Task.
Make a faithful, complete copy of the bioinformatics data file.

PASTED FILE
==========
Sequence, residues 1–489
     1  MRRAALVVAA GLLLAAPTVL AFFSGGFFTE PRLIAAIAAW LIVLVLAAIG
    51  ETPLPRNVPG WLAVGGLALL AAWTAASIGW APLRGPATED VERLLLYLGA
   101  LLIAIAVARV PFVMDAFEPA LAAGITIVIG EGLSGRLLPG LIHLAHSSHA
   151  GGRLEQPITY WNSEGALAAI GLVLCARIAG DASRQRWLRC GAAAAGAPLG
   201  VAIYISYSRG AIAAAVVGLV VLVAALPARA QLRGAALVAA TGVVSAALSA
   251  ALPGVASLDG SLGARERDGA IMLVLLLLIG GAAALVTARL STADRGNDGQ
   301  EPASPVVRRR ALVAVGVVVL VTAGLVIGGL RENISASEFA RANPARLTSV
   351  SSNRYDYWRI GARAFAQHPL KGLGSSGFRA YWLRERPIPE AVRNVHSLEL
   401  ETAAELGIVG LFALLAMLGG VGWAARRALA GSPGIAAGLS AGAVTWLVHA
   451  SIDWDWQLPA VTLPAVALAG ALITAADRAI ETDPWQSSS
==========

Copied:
Sequence, residues 1–489
     1  MRRAALVVAA GLLLAAPTVL AFFSGGFFTE PRLIAAIAAW LIVLVLAAIG
    51  ETPLPRNVPG WLAVGGLALL AAWTAASIGW APLRGPATED VERLLLYLGA
   101  LLIAIAVARV PFVMDAFEPA LAAGITIVIG EGLSGRLLPG LIHLAHSSHA
   151  GGRLEQPITY WNSEGALAAI GLVLCARIAG DASRQRWLRC GAAAAGAPLG
   201  VAIYISYSRG AIAAAVVGLV VLVAALPARA QLRGAALVAA TGVVSAALSA
   251  ALPGVASLDG SLGARERDGA IMLVLLLLIG GAAALVTARL STADRGNDGQ
   301  EPASPVVRRR ALVAVGVVVL VTAGLVIGGL RENISASEFA RANPARLTSV
   351  SSNRYDYWRI GARAFAQHPL KGLGSSGFRA YWLRERPIPE AVRNVHSLEL
   401  ETAAELGIVG LFALLAMLGG VGWAARRALA GSPGIAAGLS AGAVTWLVHA
   451  SIDWDWQLPA VTLPAVALAG ALITAADRAI ETDPWQSSS